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€œIt ‘s absolutely clear that this kind of message is not appropriate for the competition.”

That sentence comes from Kjell Ekholm, a Finn broadcaster who is organizing this year’s Eurovision song contest. That’s the annual contest meant to unite Europeans by inviting each state to contribute a song lyric. The winning song gets orchestrated and produced. A few runners-up are gussied up with music as well. The contest has, in the past, occasioned fine music. Volare (Nel Blu, dipinto, di blu) won in 1958 and became a hit for its writer, Domenico Modugno, as well as Dean Martin and, later, the Gypsy Kings.

What has Ekholm so exercised this time ‘round? Whose song is do direly inappropriate? Israel’s, of course. It goes something like this:

I don ‘t want to die; I want to see the flowers bloom

Don ‘t want to go kapoot-kaboom, and I don ‘t want to cry

I wanna have a lot of fun, just sitting in the sun.

But nevertheless — he ‘s gonna push the button.

Most suppose that “he” is Mahmoud Ahmadinejad, the fashion-conscious chargé d’affaires of Iran. Most suppose as much because he, Mahmoud, has basically said that he’ll push the button and exterminate Israel when his proud Islamic republic obtains the ability to do so. The supposition is sound. But the song? Inappropriate!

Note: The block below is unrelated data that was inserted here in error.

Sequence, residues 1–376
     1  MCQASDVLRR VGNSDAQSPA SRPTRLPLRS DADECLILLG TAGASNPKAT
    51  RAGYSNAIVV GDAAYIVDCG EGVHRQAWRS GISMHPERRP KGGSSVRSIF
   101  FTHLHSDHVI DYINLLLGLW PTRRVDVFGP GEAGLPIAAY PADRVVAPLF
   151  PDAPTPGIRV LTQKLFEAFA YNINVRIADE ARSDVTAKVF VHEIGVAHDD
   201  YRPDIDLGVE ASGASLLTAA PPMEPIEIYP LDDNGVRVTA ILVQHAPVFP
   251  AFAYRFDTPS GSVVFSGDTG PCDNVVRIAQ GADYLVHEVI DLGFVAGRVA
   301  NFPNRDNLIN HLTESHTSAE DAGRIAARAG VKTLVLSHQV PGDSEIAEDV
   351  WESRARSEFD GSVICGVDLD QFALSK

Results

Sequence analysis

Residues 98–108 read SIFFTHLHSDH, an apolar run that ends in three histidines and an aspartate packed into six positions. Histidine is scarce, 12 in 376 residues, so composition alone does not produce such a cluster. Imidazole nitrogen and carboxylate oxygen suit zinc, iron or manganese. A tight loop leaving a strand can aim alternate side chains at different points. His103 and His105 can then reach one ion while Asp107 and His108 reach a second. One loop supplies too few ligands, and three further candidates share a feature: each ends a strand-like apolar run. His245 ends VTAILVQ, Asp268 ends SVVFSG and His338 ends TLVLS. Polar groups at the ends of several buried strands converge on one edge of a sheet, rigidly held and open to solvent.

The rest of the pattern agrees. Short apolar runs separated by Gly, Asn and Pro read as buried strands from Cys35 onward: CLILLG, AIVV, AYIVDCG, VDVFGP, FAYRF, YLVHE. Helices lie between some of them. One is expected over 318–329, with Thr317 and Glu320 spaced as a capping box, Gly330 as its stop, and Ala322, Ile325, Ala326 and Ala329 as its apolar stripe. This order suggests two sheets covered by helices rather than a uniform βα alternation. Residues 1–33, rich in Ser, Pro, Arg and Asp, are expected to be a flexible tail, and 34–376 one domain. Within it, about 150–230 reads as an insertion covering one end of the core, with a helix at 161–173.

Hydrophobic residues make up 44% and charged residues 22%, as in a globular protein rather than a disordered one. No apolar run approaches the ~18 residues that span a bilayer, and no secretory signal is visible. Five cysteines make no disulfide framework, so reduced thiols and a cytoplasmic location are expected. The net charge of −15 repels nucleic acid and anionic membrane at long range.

€œIt ‘s absolutely clear that this kind of message is not appropriate for the competition, € said Kjell Ekholm, an organizer of the contest and a representative of the host broadcaster, YLE of Finland. €œWe ‘ll have all the delegation leaders here in Helsinki next week, and I ‘m sure we ‘ll talk about this case. € He told Reuters that the station had received €œmany e-mails complaining € about the song.

Israelis are increasingly obsessed by Iran ‘s pursuit of enriched uranium, which few here doubt is intended to create a nuclear weapon.

You may view the Israeli band “Teapacks” perform the song here. But do not let it agitate you too much—those Israelis are big sillies, obsessing so about Iran’s nuclear bomb.


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